26. Jonathan Gruber & Brigitte C. Madrian, 2002. "Health Insurance, Labor Supply, and Job Mobility: A Critical Review of the Literature," JCPR Working Papers 255, Northwestern University/University of Chicago Joint Center for Poverty Research.
    27. Ruhm, Christopher J, 1991. "Are Workers Permanently Scarred by Job Displacements?," American Economic Review, American Economic Association, vol. 81(1), pages 319-324, March.
    28. Gruber, Jonathan, 1997. "The Consumption Smoothing Benefits of Unemployment Insurance," American Economic Review, American Economic Association, vol. 87(1), pages 192-205, March.
    29. Craig A. Olson, 1992. "The Impact of Permanent Job Loss on Health Insurance Benefits," Working Papers 684, Princeton University, Department of Economics, Industrial Relations Section..
    30. Beaudry, Paul & DiNardo, John, 1991. "The Effect of Implicit Contracts on the Movement of Wages over the Business Cycle: Evidence from Micro Data," Journal of Political Economy, University of Chicago Press, vol. 99(4), pages 665-688, August.
    31. George Baker & Michael Gibbs & Bengt Holmstrom, 1994. "The Internal Economics of the Firm: Evidence from Personnel Data," The Quarterly Journal of Economics, Oxford University Press, vol. 109(4), pages 881-919.
    32. Harry Krashinsky, 2002. "Evidence on Adverse Selection and Establishment Size in the Labor Market," ILR Review, Cornell University, ILR School, vol. 56(1), pages 84-96, October.
    33. Robert A. Moffitt & Peter Gottschalk, 2002. "Trends in the Transitory Variance of Earnings in the United States," Economic Journal, Royal Economic Society, vol. 112(478), pages 68-73, March.
    34. repec:pri:cheawb:deaton_paxson_mortality_cohorts is not listed on IDEAS
    35. Craig A. Olson, 1992. "The Impact of Permanent Job Loss on Health Insurance Benefits," Working Papers 684, Princeton University, Department of Economics, Industrial Relations Section..
    Full references (including those not matched with items on IDEAS)

    Citations

    Citations are extracted by the CitEc Project, subscribe to its RSS feed for this item.
    as


    Cited by:

    1. David M. Cutler & Adriana Lleras-Muney & Tom Vogl, 2008. "Socioeconomic Status and Health: Dimensions and Mechanisms," NBER Working Papers 14333, National Bureau of Economic Research, Inc.
    2. Yolanda Kodrzycki, 2007. "Using unexpected recalls to examine the long-term earnings effects of job displacement," Working Papers 07-2, Federal Reserve Bank of Boston.
    3. Lídia Farré & Francesco Fasani & Hannes Mueller, 2015. "Feeling Useless: The Effect of Unemployment on Mental Health in the Great Recession," Working Papers 774, Queen Mary University of London, School of Economics and Finance.
    4. David R. Howell & Miriam Rehm, 2009. "Unemployment compensation and high European unemployment: a reassessment with new benefit indicators," Oxford Review of Economic Policy, Oxford University Press, vol. 25(1), pages 60-93, Spring.
    5. Kuhn, Andreas & Lalive, Rafael & Zweimüller, Josef, 2009. "The public health costs of job loss," Journal of Health Economics, Elsevier, vol. 28(6), pages 1099-1115, December.
    6. Douglas L. Miller & Marianne E. Page & Ann Huff Stevens & Mateusz Filipski, 2009. "Why Are Recessions Good for Your Health?," American Economic Review, American Economic Association, vol. 99(2), pages 122-127, May.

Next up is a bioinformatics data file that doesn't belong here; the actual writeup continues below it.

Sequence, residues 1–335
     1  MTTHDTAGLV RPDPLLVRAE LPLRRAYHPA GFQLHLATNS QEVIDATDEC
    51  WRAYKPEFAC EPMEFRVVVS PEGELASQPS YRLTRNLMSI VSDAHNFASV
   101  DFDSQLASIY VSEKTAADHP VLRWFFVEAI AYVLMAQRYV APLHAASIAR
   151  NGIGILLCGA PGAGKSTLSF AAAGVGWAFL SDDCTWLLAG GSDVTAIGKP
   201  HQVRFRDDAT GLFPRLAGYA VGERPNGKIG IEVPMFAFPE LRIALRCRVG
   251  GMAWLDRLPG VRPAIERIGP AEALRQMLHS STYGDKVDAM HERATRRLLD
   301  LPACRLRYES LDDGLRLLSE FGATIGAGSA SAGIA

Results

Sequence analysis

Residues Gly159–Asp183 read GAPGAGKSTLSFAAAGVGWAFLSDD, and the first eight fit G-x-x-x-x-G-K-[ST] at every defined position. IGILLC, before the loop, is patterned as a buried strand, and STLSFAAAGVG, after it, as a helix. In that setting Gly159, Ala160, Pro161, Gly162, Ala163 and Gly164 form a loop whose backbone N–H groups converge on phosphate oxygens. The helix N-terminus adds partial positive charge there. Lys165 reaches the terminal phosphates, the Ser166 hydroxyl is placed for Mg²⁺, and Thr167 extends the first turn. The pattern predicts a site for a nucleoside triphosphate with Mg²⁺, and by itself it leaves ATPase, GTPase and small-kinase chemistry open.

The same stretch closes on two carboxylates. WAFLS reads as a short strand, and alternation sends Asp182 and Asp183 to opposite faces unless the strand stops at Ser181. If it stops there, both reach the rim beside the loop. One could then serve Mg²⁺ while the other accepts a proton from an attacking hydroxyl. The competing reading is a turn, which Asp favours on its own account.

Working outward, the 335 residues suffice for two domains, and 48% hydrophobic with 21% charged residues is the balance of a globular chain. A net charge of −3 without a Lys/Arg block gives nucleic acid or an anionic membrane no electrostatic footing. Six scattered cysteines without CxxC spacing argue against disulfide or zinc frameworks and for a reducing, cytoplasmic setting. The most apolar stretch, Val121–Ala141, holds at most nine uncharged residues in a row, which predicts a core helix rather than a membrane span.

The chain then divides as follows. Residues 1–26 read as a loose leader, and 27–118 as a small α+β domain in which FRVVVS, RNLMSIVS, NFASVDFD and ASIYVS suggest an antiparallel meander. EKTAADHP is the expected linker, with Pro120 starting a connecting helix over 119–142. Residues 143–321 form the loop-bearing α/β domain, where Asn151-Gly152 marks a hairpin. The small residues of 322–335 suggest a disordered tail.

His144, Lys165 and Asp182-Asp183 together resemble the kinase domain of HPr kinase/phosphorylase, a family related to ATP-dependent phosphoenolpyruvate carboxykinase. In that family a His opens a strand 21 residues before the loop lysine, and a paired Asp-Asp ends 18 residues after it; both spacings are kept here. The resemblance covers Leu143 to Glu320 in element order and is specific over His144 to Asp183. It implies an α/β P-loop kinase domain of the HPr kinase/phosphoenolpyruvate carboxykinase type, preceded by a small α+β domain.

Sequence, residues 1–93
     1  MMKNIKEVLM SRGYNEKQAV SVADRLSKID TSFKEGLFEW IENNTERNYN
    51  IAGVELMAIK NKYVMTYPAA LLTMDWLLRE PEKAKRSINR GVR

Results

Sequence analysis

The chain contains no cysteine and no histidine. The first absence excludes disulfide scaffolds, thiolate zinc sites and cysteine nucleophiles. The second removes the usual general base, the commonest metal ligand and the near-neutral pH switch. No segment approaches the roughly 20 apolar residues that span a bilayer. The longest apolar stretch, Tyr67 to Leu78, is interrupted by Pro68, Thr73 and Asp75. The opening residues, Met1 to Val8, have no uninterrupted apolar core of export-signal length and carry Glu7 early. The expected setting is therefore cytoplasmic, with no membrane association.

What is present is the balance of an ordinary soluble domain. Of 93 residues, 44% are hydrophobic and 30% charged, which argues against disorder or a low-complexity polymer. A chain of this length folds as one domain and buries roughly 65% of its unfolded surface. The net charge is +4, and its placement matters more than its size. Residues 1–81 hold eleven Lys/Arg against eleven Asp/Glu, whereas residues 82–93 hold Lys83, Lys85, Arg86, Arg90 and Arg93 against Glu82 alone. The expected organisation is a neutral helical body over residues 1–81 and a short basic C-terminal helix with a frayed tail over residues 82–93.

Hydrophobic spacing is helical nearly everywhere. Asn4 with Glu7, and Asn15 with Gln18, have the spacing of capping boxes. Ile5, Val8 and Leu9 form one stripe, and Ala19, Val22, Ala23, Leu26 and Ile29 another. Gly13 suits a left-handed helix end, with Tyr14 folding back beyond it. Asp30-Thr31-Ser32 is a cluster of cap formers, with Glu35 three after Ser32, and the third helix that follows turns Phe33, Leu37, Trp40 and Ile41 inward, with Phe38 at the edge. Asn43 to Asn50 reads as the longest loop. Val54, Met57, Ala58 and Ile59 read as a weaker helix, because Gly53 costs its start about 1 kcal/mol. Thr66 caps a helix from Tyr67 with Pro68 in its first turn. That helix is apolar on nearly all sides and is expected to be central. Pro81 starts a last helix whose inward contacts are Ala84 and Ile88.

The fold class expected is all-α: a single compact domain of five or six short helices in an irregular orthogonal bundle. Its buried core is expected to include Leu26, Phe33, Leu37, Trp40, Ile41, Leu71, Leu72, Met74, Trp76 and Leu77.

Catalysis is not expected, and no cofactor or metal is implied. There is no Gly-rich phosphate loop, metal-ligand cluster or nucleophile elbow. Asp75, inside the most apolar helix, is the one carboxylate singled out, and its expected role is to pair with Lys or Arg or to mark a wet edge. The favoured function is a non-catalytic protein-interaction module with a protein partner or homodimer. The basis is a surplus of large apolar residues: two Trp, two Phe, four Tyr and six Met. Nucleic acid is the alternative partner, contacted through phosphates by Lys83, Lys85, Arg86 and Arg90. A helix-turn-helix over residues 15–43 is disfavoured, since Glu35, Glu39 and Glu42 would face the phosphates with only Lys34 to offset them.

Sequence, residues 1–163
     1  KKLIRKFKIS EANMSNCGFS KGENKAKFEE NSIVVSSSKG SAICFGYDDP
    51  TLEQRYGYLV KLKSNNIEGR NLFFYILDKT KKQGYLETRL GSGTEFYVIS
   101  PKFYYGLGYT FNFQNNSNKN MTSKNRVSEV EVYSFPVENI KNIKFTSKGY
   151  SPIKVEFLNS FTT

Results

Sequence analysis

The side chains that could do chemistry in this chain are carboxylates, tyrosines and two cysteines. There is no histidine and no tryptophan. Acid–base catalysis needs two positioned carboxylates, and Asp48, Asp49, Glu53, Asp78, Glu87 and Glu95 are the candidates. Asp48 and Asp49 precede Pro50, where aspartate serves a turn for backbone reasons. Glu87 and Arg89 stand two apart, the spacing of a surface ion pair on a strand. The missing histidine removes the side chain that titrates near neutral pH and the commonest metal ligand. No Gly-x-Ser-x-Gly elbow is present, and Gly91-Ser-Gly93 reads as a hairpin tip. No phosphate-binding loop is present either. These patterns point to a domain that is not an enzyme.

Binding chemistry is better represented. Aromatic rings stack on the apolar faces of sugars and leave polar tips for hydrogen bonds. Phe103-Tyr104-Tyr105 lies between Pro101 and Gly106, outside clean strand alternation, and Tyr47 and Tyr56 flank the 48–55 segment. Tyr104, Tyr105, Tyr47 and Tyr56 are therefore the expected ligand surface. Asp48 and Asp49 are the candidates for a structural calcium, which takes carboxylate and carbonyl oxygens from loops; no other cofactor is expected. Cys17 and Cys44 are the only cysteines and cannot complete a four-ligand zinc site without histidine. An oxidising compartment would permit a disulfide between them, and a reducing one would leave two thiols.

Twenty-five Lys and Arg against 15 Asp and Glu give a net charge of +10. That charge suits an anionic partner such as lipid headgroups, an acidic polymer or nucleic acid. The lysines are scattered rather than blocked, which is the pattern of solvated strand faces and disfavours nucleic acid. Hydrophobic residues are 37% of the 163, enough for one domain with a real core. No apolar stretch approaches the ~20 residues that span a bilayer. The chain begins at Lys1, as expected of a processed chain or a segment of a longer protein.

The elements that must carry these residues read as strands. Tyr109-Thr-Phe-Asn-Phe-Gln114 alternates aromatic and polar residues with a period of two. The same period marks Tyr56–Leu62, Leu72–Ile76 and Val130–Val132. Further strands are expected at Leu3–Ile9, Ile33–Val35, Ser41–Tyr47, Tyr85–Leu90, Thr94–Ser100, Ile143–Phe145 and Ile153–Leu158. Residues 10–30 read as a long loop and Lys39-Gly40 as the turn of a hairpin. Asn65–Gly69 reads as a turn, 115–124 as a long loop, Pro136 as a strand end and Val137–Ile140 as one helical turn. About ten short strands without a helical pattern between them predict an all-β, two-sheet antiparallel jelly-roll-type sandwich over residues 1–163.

7. Benjamin J. Keys, 2010. "The credit market consequences of job displacement," Finance and Economics Discussion Series 2010-24, Board of Governors of the Federal Reserve System (U.S.).
    8. Sheng-Ti Hung & Hui He, 2011. "Are Recessions Good for Your Health? A Macroeconomic Analysis," 2011 Meeting Papers 1178, Society for Economic Dynamics.
    9. Kevin F. Hallock, 2009. "Job Loss and the Fraying of the Implicit Employment Contract," Journal of Economic Perspectives, American Economic Association, vol. 23(4), pages 69-93, Fall.
    10. Damon Clark & Heather Royer, 2010. "The Effect of Education on Adult Health and Mortality: Evidence from Britain," NBER Working Papers 16013, National Bureau of Economic Research, Inc.
    11. Michèle A. Weynandt, 2014. "Selective Firing and Lemons," NRN working papers 2014-05, The Austrian Center for Labor Economics and the Analysis of the Welfare State, Johannes Kepler University Linz, Austria.

    More about this item

    JEL classification:

    • I1 - Health, Education, and Welfare - - Health
    • J63 - Labor and Demographic Economics - - Mobility, Unemployment, Vacancies, and Immigrant Workers - - - Turnover; Vacancies; Layoffs
    • J65 - Labor and Demographic Economics - - Mobility, Unemployment, Vacancies, and Immigrant Workers - - - Unemployment Insurance; Severance Pay; Plant Closings

    NEP fields

    This paper has been announced in the following NEP Reports:

    Statistics

    Access and download statistics

    Corrections

    All material on this site has been provided by the respective publishers and authors. You can help correct errors and omissions. When requesting a correction, please mention this item's handle: RePEc:nbr:nberwo:13626. See general information about how to correct material in RePEc.

    For technical questions regarding this item, or to correct its authors, title, abstract, bibliographic or download information, contact: (). General contact details of provider: http://edirc.repec.org/data/nberrus.html .

    If you have authored this item and are not yet registered with RePEc, we encourage you to do it here. This allows to link your profile to this item. It also allows you to accept potential citations to this item that we are uncertain about.

    If CitEc recognized a reference but did not link an item in RePEc to it, you can help with this form .

    If you know of missing items citing this one, you can help us creating those links by adding the relevant references in the same way as above, for each refering item. If you are a registered author of this item, you may also want to check the "citations" tab in your RePEc Author Service profile, as there may be some citations waiting for confirmation.

    Please note that corrections may take a couple of weeks to filter through the various RePEc services.

    IDEAS is a RePEc service hosted by the Research Division of the Federal Reserve Bank of St. Louis . RePEc uses bibliographic data supplied by the respective publishers.